The chamber hearing the case of General Pavle Strugar will visit Dubrovnik and its environs during the summer recess in order to acquaint themselves with the locations where the parties to the conflict held their positions in late 1991

Pavle Strugar in the courtroomPavle Strugar in the courtroom

Pavle Strugar's defense will conclude their case with a testimony of a military expert, by 28 July at the latest. Pursuant to the order of the Trial Chamber, the prosecution and defense should present their closing arguments in early September.

In the course of the summer recess, as announced today by Presiding Judge Kevin Parker, the judges will visit the "crime scene", i.e. the locations in Dubrovnik and its environs where the parties to the conflict – the JNA and the Croatian Army – held their positions in late 1991. Apart from the town of Dubrovnik, they will visit Srdj, Zarkovica, Bosanka, Cilipi and other locations mentioned during the trial. The lines of vision from these spots remain a point of controversy between the prosecution and defense.

The defense case so far has consisted of testimonies of former JNA officers, members of the Trebinje Brigade’s 3rd Battalion, who participated in the attempt to capture the fortification of Srdj from the Croatian Army, on 6. December 1991. The forces were commanded by Captain Vladimir Kovacevic. General Strugar's defense counsel are trying to prove that Strugar, who was the commander of the 2nd Operational Group at the time, is not responsible for the attack. It is alleged that the chain of command from Kovacevic went to Miodrag Jokic, commander of the 9th Naval Sector, and then directly to the General Staff, and not to Strugar’s 2nd Operational Group as the prosecution claims.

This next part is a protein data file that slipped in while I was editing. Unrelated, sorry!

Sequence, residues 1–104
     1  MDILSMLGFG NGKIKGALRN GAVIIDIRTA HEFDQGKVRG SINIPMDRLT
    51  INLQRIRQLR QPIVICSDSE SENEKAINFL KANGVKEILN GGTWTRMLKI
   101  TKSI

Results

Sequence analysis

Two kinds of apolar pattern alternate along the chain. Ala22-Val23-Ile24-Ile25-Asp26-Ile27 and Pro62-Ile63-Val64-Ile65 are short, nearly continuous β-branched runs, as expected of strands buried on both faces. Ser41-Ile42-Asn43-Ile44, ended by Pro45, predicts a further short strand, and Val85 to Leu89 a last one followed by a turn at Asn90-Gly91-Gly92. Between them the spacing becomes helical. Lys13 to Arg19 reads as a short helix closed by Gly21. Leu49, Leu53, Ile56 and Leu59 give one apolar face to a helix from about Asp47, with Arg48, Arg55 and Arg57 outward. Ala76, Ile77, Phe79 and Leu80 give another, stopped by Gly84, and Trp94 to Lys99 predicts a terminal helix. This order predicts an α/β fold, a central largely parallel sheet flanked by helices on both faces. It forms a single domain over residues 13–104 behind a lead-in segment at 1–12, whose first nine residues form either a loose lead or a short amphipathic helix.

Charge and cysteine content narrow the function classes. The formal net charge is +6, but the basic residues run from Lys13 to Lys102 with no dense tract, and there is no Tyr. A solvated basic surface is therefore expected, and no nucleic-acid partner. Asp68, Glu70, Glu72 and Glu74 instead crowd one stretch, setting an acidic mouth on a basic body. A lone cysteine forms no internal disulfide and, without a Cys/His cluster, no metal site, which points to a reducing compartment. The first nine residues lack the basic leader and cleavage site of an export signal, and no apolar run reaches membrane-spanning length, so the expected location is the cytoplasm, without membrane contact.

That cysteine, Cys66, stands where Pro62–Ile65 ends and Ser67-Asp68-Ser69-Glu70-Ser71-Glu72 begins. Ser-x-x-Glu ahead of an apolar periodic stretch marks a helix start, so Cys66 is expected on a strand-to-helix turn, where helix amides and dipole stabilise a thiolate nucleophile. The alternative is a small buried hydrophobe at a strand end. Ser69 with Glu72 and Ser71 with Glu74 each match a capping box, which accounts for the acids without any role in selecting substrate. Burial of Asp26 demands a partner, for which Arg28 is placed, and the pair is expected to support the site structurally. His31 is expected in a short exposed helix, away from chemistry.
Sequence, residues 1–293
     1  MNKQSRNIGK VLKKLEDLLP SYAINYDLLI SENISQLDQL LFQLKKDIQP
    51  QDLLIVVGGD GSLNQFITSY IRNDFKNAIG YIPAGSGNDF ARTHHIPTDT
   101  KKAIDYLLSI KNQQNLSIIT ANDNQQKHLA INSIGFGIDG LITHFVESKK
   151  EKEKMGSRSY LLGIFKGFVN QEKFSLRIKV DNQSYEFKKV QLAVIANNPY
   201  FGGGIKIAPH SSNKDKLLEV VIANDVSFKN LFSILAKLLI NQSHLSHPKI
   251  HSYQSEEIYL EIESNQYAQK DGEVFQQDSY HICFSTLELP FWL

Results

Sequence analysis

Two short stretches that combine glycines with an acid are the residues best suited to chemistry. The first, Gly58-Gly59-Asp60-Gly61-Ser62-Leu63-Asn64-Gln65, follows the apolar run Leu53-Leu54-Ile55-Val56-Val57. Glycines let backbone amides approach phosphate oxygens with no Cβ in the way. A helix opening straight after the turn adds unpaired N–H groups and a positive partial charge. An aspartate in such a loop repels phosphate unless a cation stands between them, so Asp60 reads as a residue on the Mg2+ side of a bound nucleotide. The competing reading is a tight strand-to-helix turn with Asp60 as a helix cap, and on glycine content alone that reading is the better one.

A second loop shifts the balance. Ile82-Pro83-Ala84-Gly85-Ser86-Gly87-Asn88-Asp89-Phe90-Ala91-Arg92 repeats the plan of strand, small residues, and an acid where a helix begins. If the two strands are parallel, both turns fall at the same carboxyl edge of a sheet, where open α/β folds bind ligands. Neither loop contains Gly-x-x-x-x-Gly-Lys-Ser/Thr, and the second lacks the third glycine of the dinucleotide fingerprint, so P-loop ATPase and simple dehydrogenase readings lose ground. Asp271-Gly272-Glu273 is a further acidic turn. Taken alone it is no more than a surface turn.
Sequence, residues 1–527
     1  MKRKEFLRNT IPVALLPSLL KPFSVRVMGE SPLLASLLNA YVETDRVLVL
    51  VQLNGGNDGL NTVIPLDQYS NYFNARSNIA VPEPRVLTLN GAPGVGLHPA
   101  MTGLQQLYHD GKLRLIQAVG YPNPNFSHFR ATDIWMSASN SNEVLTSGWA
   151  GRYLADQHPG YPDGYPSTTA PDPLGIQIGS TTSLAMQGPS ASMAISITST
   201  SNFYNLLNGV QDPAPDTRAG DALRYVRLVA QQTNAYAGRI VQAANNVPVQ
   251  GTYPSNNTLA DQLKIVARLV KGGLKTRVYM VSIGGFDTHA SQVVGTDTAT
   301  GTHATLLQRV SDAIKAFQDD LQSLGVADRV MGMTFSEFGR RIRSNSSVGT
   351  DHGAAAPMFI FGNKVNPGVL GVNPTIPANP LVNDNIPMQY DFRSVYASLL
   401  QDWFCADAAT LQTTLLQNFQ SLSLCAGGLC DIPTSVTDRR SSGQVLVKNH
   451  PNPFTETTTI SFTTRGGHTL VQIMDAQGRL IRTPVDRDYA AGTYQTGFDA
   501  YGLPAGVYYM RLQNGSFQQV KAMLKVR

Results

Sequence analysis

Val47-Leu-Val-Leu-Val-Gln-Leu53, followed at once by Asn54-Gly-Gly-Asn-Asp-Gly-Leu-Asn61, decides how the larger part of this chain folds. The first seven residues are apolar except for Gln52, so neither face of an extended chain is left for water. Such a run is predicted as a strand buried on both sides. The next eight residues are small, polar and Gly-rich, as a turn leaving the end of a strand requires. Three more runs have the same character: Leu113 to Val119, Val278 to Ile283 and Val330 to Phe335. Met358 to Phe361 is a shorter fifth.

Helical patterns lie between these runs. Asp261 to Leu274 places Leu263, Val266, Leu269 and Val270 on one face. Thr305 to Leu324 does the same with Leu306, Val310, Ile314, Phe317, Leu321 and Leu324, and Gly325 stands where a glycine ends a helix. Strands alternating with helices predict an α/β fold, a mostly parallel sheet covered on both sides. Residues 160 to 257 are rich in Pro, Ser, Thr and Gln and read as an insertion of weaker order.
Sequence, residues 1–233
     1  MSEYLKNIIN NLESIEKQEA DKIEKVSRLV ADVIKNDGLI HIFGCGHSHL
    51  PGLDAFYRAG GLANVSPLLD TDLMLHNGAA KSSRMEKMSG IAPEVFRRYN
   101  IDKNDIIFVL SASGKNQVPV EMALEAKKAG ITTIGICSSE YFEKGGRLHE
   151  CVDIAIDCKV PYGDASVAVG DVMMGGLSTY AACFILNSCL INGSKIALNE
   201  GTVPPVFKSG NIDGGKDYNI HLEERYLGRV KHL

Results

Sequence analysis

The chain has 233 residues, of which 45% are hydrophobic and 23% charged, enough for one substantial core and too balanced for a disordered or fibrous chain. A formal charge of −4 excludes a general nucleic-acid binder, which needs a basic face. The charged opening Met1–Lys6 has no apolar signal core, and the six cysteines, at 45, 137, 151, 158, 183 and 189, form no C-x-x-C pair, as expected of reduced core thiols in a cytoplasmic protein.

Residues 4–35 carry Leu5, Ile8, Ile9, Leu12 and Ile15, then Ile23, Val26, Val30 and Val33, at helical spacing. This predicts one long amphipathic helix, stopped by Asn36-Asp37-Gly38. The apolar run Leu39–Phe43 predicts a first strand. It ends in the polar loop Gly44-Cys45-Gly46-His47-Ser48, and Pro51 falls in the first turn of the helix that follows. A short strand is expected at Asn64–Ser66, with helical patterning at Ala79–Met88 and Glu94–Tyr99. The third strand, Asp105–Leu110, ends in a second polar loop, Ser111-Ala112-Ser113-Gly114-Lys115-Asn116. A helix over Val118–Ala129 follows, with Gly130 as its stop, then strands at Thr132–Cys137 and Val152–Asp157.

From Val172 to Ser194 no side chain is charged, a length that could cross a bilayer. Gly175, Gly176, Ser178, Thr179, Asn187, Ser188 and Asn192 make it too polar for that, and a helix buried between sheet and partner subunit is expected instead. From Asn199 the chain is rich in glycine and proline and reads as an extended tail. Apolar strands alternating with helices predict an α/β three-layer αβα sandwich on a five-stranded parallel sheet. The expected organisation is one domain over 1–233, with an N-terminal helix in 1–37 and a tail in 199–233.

Furthermore, the defense is trying to prove that on 6 December the JNA units had the sole task of capturing the Srdj hill and the Old Town of Dubrovnik was "collateral damage" of the military action. Some of the shells that fell on Stradun street, witnesses claim, were the response to Croatian Army mortars firing on JNA positions from within the city walls. The witnesses claim that they were able to see the mortars "personally, with a naked eye" from the Zarkovica elevation, more than 2 km away from Dubrovnik.

The prosecution is trying to challenge the expertise and credibility of defense witnesses, lodging frequent objections to late and incomplete discovery of their statements, which makes it difficult for the prosecutors to prepare for the cross-examination.